Where the STEM jobs are
Gradcracker works here's the proof
Added: Over a year ago by Sellafield Ltd
A new £7.5m college will use cutting-edge technology including virtual reality and robotics to train the next generation of nuclear workers.
With a campus in Cumbria just 15 miles away from Sellafield, where workers process huge amounts of waste from the world’s first industrial nuclear power station, the National College for Nuclear (NCFN) aims to bridge the gap between education and the workplace.
Sellafield Ltd and EDF Energy are leading industry input into the new facilities, based at Lakes College in Lillyhall and Bridgwater & Taunton College in Somerset, to ensure the curriculum and qualifications are based on employer need.
The college is one of five government-funded national colleges that will deliver high-tech technical training to thousands of learners across England.
“This new training facility will provide access to world-class technology to individuals looking to start or further develop their career in the nuclear industry,” said nuclear engineer Dame Sue Ion. “It is an exciting time for the industry, and it is encouraging to see investments by government, industry and academia into facilities like the NCFN. The nuclear sector is really taking an active role in training the workforce of tomorrow.”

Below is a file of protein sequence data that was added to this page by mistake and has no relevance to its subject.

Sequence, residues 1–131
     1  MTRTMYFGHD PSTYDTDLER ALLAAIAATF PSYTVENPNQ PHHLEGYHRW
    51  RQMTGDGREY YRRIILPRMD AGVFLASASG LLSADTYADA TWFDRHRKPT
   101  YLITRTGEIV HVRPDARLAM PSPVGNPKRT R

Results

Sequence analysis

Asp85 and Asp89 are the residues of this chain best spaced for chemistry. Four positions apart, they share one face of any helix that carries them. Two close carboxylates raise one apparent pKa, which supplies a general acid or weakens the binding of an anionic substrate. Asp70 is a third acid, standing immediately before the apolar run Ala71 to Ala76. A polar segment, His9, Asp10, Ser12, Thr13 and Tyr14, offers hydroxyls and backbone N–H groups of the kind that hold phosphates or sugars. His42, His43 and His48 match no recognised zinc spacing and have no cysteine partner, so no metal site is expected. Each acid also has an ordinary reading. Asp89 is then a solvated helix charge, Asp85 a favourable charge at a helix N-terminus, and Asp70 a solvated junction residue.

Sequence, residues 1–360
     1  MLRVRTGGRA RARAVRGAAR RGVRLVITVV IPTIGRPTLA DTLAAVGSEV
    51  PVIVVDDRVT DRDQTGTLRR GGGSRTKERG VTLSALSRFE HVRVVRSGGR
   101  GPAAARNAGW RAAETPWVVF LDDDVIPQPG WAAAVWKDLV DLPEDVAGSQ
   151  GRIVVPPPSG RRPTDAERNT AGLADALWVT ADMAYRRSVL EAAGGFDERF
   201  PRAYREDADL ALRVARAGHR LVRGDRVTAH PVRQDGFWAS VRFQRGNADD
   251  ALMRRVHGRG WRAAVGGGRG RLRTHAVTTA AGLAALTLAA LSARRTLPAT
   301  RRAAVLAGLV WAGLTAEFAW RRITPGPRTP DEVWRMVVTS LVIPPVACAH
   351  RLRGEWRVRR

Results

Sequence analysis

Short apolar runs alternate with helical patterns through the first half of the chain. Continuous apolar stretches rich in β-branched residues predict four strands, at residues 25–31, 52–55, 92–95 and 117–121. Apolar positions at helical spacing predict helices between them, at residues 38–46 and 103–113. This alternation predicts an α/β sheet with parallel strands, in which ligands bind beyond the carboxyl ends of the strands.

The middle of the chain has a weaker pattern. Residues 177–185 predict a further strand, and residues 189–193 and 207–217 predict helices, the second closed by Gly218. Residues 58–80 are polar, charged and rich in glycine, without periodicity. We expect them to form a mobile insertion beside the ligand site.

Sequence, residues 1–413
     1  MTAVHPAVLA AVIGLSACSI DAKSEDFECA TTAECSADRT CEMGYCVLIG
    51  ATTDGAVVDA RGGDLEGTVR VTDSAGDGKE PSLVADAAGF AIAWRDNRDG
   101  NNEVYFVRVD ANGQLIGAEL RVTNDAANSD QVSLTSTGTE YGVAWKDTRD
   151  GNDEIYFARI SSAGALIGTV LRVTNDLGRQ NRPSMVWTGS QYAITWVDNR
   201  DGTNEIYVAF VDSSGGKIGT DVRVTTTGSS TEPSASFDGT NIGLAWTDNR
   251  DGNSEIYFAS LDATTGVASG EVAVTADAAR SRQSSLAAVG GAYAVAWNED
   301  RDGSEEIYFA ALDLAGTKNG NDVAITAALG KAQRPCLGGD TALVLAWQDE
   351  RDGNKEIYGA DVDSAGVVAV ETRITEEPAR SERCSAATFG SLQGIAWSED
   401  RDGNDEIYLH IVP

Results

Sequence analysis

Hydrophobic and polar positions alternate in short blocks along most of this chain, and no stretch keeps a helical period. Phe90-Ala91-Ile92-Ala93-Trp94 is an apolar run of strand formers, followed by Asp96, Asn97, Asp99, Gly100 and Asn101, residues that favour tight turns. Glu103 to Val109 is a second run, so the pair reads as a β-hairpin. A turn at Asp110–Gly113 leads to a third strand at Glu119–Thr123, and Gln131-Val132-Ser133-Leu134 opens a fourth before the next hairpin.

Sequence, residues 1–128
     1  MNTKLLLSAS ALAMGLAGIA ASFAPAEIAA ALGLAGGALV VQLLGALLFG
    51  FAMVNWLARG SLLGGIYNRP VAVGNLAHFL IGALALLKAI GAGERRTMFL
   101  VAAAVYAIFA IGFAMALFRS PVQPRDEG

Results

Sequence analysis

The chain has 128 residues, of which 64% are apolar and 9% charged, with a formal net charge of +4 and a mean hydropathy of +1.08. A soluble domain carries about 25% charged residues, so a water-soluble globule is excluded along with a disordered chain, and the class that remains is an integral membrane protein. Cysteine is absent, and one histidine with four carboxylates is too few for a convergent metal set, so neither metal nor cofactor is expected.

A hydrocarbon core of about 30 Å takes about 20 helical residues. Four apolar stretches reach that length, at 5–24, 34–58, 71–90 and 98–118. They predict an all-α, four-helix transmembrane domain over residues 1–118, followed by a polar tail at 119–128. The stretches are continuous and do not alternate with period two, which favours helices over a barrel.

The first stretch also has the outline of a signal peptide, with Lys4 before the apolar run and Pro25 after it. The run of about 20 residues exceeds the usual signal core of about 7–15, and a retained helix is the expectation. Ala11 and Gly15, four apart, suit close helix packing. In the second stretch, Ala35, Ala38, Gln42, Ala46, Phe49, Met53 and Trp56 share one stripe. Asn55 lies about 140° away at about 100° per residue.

College facilities include virtual reality rooms to provide students with experience of working in a nuclear environment, an engineering workshop equipped with the latest technology and simulated restricted areas to give a detailed view of the work involved at power stations.
“Sellafield’s mission is changing as we transition into a fully-fledged environmental restoration project,” said NCFN board chairman Colin Reed. “This will require re-training and reskilling of our staff and a new pipeline of talented individuals with higher-level skills across a range of disciplines.”
Subjects include robotics, systems and mechanical engineering. The college will work with its industry partners and the Universities of Cumbria and Bristol to train 3,500 people by 2020.